12. Alberto Alesina & Johann Harnoss & Hillel Rapoport, 2016. "Birthplace diversity and economic prosperity," Journal of Economic Growth, Springer, vol. 21(2), pages 101-138, June.
    13. Depetris-Chauvin, Emilio & Özak, Ömer, 2016. "The Origins and Long-Run Consequences of the Division of Labor," MPRA Paper 74703, University Library of Munich, Germany.
    14. Sriya Iyer, 2022. "Religion and Discrimination: A Review Essay of Persecution and Toleration: The Long Road to Religious Freedom," Journal of Economic Literature, American Economic Association, vol. 60(1), pages 256-278, March.
    15. Trung V. Vu, 2021. "Are genetic traits associated with riots? The political legacy of prehistorically determined genetic diversity," Kyklos, Wiley Blackwell, vol. 74(4), pages 567-595, November.
    16. David de la Croix & Fabio Mariani & Marion Mercier, 2023. "Driven By Institutions, Shaped By Culture: Human Capital And The Secularization Of Marriage In Italy," International Economic Review, Department of Economics, University of Pennsylvania and Osaka University Institute of Social and Economic Research Association, vol. 64(4), pages 1777-1818, November.
    17. Arold, W. Benjamin & Woessmann, Ludger & Zierow, Larissa, 2022. "Can Schools Change Religious Attitudes? Evidence from German State Reforms of Compulsory Religious Education," IZA Discussion Papers 14989, Institute of Labor Economics (IZA).
    18. Depetris-Chauvin, Emilio & Özak, Ömer, 2016. "Population Diversity, Division of Labor and Comparative Development," MPRA Paper 70503, University Library of Munich, Germany.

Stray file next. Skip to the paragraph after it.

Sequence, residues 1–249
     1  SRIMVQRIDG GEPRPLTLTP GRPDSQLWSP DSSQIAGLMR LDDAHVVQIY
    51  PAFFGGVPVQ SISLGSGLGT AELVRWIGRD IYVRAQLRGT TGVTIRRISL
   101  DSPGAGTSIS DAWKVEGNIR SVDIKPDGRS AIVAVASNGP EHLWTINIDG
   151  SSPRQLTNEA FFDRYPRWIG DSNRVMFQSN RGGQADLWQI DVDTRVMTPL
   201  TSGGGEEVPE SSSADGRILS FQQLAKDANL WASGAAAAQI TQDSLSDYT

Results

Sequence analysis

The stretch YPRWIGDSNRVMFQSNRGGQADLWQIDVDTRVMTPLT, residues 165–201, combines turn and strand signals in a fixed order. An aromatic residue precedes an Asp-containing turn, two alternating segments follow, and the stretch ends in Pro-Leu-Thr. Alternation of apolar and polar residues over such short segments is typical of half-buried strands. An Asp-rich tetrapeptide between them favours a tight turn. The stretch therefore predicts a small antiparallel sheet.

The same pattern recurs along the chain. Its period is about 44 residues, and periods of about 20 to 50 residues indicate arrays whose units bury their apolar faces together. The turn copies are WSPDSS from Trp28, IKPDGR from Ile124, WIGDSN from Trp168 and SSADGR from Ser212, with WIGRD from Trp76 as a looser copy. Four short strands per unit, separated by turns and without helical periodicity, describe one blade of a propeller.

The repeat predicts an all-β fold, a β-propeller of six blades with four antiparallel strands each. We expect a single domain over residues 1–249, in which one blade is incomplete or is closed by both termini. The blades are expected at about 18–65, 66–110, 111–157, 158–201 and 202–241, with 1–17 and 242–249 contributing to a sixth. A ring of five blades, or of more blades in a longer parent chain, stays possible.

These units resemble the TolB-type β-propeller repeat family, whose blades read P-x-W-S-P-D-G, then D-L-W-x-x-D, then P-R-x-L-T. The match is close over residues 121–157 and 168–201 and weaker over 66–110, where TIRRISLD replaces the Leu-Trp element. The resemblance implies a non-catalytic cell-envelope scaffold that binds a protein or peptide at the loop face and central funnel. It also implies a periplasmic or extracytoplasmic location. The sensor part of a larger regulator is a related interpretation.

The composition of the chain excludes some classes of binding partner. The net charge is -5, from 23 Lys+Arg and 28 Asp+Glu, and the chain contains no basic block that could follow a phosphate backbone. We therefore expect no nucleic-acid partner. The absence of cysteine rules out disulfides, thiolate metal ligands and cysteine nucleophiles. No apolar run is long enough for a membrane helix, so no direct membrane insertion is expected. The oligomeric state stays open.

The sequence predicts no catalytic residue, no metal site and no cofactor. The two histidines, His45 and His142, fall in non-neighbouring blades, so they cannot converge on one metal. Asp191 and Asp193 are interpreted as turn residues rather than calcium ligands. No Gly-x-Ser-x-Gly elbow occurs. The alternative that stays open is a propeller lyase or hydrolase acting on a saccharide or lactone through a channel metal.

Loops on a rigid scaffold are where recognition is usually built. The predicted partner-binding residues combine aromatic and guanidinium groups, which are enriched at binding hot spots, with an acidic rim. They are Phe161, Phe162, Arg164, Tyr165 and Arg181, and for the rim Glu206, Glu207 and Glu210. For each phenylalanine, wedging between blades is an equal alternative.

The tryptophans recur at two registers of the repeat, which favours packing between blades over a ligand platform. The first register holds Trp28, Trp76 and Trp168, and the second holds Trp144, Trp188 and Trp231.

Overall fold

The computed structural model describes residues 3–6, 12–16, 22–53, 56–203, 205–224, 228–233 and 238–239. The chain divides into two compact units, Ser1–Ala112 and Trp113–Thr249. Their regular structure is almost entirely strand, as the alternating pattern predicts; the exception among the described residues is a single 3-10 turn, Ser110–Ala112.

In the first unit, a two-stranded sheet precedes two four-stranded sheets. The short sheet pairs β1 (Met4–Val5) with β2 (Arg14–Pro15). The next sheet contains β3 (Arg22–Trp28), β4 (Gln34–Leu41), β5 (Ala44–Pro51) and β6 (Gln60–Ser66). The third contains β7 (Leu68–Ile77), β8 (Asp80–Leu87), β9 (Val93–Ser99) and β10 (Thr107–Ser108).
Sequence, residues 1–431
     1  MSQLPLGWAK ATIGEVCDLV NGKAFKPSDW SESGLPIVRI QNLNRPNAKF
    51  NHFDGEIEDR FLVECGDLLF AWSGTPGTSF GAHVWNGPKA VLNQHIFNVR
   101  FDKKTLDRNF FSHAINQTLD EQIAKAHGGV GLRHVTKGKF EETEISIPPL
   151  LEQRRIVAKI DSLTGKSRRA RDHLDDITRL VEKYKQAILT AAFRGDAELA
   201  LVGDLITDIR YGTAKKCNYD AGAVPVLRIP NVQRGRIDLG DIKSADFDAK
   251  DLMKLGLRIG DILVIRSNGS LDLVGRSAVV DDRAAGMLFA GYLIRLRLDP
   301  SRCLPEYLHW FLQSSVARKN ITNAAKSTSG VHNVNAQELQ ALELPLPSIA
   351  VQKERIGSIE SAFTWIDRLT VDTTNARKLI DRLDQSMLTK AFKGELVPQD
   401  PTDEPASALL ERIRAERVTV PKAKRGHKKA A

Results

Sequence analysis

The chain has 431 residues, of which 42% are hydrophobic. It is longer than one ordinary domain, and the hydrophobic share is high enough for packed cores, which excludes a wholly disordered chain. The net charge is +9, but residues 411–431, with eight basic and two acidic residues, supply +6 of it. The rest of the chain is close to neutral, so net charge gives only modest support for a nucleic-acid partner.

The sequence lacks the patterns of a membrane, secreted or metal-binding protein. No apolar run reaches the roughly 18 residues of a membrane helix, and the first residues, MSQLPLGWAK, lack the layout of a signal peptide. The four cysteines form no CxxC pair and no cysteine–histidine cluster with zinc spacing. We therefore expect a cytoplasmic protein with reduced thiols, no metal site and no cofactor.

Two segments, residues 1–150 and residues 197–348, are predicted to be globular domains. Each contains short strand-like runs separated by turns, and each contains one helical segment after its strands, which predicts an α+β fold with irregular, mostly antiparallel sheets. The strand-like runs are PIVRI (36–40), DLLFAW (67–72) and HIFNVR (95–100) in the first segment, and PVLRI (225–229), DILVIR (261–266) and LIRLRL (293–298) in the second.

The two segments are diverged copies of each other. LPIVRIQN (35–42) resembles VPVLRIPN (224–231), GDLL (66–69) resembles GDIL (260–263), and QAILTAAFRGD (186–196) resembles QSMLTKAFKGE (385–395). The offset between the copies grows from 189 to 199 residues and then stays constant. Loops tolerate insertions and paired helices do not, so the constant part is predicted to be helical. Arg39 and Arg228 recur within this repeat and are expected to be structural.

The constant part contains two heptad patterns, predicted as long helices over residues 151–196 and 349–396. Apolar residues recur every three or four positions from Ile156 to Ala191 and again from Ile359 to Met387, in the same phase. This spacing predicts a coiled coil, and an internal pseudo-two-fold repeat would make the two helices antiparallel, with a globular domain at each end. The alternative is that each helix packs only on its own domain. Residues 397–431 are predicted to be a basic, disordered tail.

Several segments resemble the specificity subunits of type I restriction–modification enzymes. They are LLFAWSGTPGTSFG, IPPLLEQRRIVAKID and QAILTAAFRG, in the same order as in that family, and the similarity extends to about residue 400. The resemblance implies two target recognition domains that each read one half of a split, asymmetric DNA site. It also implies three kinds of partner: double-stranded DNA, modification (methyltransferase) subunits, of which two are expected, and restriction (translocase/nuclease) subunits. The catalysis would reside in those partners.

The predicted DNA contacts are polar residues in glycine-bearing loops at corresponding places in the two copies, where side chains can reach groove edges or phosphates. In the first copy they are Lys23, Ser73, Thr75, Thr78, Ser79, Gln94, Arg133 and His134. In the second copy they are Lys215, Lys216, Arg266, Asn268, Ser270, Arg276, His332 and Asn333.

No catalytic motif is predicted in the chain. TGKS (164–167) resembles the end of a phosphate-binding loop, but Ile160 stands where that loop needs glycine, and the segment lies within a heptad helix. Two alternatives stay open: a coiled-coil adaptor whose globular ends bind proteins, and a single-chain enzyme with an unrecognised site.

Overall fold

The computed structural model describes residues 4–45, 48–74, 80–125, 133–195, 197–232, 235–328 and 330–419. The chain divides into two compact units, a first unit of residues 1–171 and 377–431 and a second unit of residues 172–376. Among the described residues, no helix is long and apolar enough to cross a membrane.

19. Faria, Hugo J. & Montesinos-Yufa, Hugo M. & Morales, Daniel R. & Navarro, Carlos E., 2016. "Unbundling the roles of human capital and institutions in economic development," European Journal of Political Economy, Elsevier, vol. 45(S), pages 108-128.
    20. Eva M. Buitrago & M. Ángeles Caraballo, 2022. "Measuring social diversity in economic literature: An overview for cross‐country studies," Journal of Economic Surveys, Wiley Blackwell, vol. 36(4), pages 880-934, September.

    More about this item

    Keywords

    pluralism; religiosity; diversity; legitimacy; universal religion;
    All these keywords.

    JEL classification:

    • Z12 - Other Special Topics - - Cultural Economics - - - Religion
    • H3 - Public Economics - - Fiscal Policies and Behavior of Economic Agents
    • I1 - Health, Education, and Welfare - - Health
    • O5 - Economic Development, Innovation, Technological Change, and Growth - - Economywide Country Studies
    • P5 - Political Economy and Comparative Economic Systems - - Comparative Economic Systems

    Statistics

    Access and download statistics

    Corrections

    All material on this site has been provided by the respective publishers and authors. You can help correct errors and omissions. When requesting a correction, please mention this item's handle: RePEc:uct:uconnp:2018-19. See general information about how to correct material in RePEc.

    If you have authored this item and are not yet registered with RePEc, we encourage you to do it here. This allows to link your profile to this item. It also allows you to accept potential citations to this item that we are uncertain about.

    If CitEc recognized a bibliographic reference but did not link an item in RePEc to it, you can help with this form .

    If you know of missing items citing this one, you can help us creating those links by adding the relevant references in the same way as above, for each refering item. If you are a registered author of this item, you may also want to check the "citations" tab in your RePEc Author Service profile, as there may be some citations waiting for confirmation.

    For technical questions regarding this item, or to correct its authors, title, abstract, bibliographic or download information, contact: Mark McConnel (email available below). General contact details of provider: https://edirc.repec.org/data/deuctus.html .

    Please note that corrections may take a couple of weeks to filter through the various RePEc services.

    IDEAS is a RePEc service. RePEc uses bibliographic data supplied by the respective publishers.